DO be honest with your student about what you can affordThis is a big one. College is a great financial undertaking. With the U.S. student debt at $1.75 trillion, it is important to have a transparent financial discussion with your child. You may not want or need to provide every detail, but talk to your child about financial responsibility and the benefits and consequences of taking out student loans. Even if your student receives some scholarships or financial aid, chances are that it might not cover the full cost of four years. If you have college savings plans such as a 529, let your student know how much you’ve saved over the years and, based on the colleges they want to attend, how far that money will go. Some families who can afford the full price of college opt to have their child take some loans to foster financial responsibility and ownership of his or their education. For many families, however, the rising cost of college over the past twenty years has not been matched by equivalent college savings or wage growth. This can be a delicate issue, so be careful to balance honesty with a desire not to scare or stress out your child. But do be frank, and understand that this too is part of your child’s development and transition into adulthood.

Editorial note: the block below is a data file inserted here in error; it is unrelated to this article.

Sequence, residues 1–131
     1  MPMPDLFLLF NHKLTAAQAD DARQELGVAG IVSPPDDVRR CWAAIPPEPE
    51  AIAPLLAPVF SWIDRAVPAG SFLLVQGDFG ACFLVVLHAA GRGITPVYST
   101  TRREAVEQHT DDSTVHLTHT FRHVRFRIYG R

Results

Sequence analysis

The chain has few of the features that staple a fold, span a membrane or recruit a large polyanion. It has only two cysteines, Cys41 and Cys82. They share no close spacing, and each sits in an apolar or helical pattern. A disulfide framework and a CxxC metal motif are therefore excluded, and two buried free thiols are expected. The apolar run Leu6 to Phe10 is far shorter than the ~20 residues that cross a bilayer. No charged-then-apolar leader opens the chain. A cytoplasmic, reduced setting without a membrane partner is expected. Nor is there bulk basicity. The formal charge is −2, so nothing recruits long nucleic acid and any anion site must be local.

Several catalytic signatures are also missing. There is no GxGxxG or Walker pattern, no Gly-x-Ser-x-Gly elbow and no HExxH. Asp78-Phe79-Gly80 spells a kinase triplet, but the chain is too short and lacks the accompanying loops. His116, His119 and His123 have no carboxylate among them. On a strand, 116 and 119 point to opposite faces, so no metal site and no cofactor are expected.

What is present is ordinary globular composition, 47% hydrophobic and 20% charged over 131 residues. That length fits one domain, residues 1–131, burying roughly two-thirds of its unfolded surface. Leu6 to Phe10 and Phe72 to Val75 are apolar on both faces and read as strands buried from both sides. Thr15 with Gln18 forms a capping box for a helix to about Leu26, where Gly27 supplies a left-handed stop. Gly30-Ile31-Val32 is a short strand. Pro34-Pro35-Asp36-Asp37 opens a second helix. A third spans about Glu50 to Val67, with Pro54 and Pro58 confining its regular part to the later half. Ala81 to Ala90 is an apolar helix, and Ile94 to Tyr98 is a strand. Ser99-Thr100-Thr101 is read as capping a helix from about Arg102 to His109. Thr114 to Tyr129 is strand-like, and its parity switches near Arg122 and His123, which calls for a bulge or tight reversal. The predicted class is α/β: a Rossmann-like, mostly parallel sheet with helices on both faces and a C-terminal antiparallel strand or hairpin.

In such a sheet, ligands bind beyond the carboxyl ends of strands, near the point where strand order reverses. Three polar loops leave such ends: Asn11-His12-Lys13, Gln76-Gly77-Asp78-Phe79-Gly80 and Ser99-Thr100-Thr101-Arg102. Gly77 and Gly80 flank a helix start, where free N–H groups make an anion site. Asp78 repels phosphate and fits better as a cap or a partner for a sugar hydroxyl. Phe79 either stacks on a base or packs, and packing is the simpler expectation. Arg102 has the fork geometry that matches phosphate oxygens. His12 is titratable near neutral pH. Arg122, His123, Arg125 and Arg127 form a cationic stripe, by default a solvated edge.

Parenting is hard! And parenting teens immersed in the college application process is even more complicated. But, again, as much as they might try not to show it, your child still looks to you for help, guidance, reassurance–and, most of all, love. They want to know you’re in their corner, cheering them on, but also that you have confidence that they can handle the process, take responsibility for it, and succeed independently. Your job is the trickiest of all: impart wisdom, but don’t do too much; transfer control, but minimize stress; empower, but advise; let go, but support (or reassure). There is no simple formula here. Just do what you can to be the source of stability and reason, and always keep your eyes on the real prize: not prestige and bragging-rights, but a happy, confident, and well-grounded child who is ready to attend a college where they will thrive.